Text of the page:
Joshua Liner Gallery is pleased to present its third major solo exhibition of work from Chattanooga, TN born, now Los Angeles based, artist Wayne White: I TOOK THE MACHINE APART BUT COULD NOT PUT IT BACK TOGETHER. The show will be composed of five main components: his signature “word paintings” on vintage offset lithographs, as well as text-based works on paper over the Artist’s painted abstract backgrounds, mixed-media marionettes, and an installation of drawings. The fifth element encompasses the entire gallery, which is painted over with White’s personal doodles, words, and phrases, pulled directly from his notebook. Opening on February 8, from 6-8pm, the artist will be in attendance.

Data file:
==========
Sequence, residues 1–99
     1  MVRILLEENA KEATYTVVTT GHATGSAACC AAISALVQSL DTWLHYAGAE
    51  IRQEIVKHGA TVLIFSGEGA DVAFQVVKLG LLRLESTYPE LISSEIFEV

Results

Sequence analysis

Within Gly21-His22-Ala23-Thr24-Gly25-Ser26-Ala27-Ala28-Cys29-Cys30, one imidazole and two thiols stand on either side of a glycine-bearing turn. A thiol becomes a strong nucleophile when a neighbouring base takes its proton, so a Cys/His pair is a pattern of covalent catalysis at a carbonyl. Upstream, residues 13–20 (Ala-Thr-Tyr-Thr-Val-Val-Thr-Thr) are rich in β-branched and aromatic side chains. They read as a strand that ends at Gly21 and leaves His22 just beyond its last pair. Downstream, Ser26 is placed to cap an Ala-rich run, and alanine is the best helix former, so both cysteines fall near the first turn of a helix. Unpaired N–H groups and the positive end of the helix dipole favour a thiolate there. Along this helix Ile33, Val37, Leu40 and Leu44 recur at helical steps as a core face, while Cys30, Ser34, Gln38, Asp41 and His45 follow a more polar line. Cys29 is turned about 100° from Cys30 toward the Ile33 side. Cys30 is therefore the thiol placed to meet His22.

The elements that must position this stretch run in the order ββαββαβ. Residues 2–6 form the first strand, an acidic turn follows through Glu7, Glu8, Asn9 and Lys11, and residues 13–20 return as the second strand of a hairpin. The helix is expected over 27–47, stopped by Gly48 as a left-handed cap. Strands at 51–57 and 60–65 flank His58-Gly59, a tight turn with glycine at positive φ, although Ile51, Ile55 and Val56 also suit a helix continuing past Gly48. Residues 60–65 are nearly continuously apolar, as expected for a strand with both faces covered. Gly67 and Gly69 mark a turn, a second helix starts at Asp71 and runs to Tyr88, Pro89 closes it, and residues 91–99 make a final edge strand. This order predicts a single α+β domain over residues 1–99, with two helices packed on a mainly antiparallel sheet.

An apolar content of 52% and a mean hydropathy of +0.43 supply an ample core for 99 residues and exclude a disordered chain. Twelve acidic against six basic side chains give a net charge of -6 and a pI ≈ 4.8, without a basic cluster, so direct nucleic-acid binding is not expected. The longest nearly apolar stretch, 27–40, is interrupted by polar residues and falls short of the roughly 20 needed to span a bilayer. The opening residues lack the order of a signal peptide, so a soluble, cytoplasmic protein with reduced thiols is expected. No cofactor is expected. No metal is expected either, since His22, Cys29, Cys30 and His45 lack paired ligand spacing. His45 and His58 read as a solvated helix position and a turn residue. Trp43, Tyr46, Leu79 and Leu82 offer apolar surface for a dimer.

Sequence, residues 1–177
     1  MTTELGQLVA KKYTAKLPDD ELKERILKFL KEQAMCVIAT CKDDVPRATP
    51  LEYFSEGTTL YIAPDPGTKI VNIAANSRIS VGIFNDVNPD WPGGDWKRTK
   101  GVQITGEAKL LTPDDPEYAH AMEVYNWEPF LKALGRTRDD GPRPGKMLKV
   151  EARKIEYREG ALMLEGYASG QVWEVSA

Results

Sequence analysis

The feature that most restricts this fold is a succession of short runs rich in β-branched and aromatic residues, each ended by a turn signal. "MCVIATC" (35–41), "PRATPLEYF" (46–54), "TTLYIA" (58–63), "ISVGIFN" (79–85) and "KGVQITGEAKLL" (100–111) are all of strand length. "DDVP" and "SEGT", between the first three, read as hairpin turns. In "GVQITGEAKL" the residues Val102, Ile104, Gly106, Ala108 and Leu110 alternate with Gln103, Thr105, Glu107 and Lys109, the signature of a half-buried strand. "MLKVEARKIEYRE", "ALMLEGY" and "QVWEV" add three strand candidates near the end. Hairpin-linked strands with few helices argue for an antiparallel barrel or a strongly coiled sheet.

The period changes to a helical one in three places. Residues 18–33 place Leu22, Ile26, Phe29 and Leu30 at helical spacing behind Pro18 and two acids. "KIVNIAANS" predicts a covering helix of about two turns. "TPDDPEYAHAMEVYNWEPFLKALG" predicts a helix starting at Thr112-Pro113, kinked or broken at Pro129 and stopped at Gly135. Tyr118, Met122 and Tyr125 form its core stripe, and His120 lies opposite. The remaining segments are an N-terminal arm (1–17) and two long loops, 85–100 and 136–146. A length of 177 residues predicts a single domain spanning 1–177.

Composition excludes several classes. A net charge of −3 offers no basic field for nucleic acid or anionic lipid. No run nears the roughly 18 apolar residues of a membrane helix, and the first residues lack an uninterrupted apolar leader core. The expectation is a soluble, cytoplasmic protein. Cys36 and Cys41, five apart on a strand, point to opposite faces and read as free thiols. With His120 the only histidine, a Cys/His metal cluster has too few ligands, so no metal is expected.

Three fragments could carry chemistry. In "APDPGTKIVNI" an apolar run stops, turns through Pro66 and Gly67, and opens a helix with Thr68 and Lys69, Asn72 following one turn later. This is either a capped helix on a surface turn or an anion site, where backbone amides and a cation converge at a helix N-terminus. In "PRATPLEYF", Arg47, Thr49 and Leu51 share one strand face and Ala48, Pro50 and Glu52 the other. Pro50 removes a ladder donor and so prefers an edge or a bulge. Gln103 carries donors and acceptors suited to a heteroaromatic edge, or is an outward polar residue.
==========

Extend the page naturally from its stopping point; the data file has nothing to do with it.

Each element of this exhibition serves as an equal part of White’s process. Each component leads into the next, building towards one ongoing visual narrative. The most prevalent works we see in the show will be a new series of “word paintings” – the latest iteration of a series of works he began producing 18 years ago. It is in the texts of these works that we begin to identify the unifying theme of the show; one of vulnerability and reflection. Moving away from White’s usual sardonic criticism, the Artist allows us a rare look into the role he occasionally identifies with: the frustrated writer. White continues to seek out the right words for his practice; those phrases which are both meaningful and relevant.